Brady v. Denton County Elec. Co-op., Inc., No. 4:09-CV-130, Slip Copy, 2009 WL 3151177 (E.D. Tex. Sep 28, 2009)().
Every TV cop show has a story line that involves Internal Affairs. But did you know that CAFA has Internal Affiars as well? In Brady, a District Court in Texas remanded the case to Denton County court finding that CAFA’s internal affairs exception negated the federal court jurisdiction, and also that the home state exception favored remand.
Janice Brady, the plaintiff, brought an action in state court seeking a declaratory judgment stating that (1) the defendant’s – Denton County Electric Cooperative, Inc. d/b/a CoServ Electric (“CoServ”) – policies violated Texas state law, and (2) CoServ may not declare her in breach and it may not terminate her membership rights, as a result of the alleged violation of those policies. Brady particularly challenged CoServ’s Policy 310, which requires its members to provide that information which was of a confidential corporate nature – such as the names and addresses or telephone numbers of members. Brady contended that during the course of her membership, CoServ acquired confidential corporate information of approximately 2% of the cooperative’s eligible voting members. Brady challenged Policy 310 contending that it was contrary to Texas state law requiring the transparency of voting members.
Subsequently, Brady, and other two plaintiffs – Duncan Duval and Paul Confer – filed an amended counterclaim and petition of intervention on behalf of themselves and others similarly situated, and sought, inter alia, class certification, declaratory relief, injunctive relief, and damages for breach of fiduciary duties, breach of contract, and improper use of plaintiffs’ property. The plaintiffs filed a second amended counterclaim and petition of intervention which alleged the same claims brought in the third petition except that the plaintiff Confer was excluded.
In response to the third and fourth petitions, CoServ removed the action to the federal court under CAFA.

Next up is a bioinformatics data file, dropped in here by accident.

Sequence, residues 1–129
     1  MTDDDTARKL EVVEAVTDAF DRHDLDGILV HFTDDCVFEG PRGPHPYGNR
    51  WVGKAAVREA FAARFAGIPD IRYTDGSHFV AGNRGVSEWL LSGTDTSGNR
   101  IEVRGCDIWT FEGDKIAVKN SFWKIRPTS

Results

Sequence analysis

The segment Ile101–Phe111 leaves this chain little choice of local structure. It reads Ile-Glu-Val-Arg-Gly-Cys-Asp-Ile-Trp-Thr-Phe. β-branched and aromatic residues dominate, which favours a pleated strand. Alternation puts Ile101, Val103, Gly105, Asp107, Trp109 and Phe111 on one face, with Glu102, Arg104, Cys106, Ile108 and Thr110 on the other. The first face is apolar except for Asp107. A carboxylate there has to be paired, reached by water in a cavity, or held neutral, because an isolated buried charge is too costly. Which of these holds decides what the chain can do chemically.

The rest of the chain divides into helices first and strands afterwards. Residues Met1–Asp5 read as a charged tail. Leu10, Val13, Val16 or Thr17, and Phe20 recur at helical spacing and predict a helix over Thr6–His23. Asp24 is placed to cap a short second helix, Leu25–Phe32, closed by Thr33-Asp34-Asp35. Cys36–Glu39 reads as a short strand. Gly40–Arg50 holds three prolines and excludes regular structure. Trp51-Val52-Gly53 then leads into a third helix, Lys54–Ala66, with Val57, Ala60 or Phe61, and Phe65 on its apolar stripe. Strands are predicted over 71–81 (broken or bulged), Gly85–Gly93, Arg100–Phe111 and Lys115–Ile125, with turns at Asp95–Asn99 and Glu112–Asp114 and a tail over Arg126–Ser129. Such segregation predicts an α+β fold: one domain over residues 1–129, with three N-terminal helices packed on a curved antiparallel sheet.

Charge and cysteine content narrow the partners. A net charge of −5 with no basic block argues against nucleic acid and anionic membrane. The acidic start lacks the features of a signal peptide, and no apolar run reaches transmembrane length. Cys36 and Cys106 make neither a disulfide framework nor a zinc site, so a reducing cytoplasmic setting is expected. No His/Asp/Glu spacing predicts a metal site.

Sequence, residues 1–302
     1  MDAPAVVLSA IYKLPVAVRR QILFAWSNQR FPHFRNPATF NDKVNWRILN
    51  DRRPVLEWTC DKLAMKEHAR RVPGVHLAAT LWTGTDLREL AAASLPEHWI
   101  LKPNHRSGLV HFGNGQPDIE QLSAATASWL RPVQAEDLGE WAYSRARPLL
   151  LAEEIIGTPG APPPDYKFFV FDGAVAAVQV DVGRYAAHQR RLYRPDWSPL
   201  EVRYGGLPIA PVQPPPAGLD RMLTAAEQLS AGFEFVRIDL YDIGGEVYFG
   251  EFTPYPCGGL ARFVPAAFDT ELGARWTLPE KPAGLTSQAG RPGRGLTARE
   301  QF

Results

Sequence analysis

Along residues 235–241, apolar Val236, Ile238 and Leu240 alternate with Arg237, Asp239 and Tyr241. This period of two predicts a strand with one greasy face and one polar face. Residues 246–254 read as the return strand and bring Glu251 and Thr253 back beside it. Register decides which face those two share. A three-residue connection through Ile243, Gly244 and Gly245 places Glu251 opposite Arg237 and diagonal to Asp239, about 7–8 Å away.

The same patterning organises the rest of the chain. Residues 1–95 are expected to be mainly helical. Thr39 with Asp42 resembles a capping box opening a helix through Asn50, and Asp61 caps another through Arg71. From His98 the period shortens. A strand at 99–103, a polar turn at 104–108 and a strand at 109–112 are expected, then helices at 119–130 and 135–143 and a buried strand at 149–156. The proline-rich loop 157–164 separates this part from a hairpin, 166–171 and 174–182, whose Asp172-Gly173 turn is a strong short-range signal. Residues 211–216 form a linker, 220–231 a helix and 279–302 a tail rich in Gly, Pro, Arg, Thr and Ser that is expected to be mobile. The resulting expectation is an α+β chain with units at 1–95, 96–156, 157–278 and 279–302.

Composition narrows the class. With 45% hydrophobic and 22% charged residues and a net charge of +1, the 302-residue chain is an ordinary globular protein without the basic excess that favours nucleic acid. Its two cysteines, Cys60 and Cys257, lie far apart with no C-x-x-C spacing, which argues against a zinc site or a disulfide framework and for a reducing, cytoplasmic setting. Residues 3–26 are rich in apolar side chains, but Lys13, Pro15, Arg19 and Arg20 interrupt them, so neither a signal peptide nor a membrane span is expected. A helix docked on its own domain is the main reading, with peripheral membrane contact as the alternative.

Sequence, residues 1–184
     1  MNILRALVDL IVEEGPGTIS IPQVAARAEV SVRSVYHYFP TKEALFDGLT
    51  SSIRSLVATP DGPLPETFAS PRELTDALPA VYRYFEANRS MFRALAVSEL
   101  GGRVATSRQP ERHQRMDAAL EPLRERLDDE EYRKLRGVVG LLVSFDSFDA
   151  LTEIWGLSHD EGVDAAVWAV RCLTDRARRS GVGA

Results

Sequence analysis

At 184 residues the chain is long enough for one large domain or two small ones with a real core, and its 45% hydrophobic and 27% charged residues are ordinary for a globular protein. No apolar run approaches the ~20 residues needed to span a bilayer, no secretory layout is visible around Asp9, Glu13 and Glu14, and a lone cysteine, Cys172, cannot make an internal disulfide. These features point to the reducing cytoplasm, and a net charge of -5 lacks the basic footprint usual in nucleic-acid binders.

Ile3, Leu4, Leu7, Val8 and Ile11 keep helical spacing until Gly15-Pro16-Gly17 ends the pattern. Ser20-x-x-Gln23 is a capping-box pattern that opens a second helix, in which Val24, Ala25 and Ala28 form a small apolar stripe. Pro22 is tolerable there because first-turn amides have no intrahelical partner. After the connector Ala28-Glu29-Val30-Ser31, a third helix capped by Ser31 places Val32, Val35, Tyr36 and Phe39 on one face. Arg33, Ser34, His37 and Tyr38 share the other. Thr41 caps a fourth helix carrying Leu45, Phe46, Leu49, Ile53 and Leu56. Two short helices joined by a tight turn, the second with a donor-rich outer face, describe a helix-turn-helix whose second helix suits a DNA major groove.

CoServ argued that due to the nature and substance of the class action alleged in the third petition (class size, diversity, and the issues relating to non-members), the district court had jurisdiction under CAFA. The plaintiffs on the other hand, however, contended that CAFA did not confer jurisdiction because of the internal affairs exception.
According to the CAFA, internal affairs are matters peculiar to the relationships among or between the corporation and its current officers, directors and shareholders.
The District Court agreed finding that each of plaintiffs’ claims necessarily turned towards questions that related to the internal affairs of the corporation and were under the laws of Texas, therefore, these claims invoked the internal affairs exception to CAFA.
Alternatively, the District Court noted that CAFA prevents the federal district court from exercising subject matter jurisdiction under the home state exception, and plaintiffs stated that CoServ’s current membership consisted of approximately 142,000 members. The plaintiffs proposed two putative classes – the Voting Subclass, and the Equity Subclass. The plaintiffs stated that 92% of the 142,000 members were residential and each of those members purchased electricity from within CoServ’s area of operation. The plaintiffs also stated that less than 7% of the county population to which CoServ provided electricity moved out of state, and nearly 70% of those who had changed homes remained within the same county. Based on this information coupled with the membership data, the district court remarked that common sense dictated that it was more likely than not that at least two-thirds of the aggregate putative class members were Texas Citizen.
The District Court, therefore, remanded the case to state court.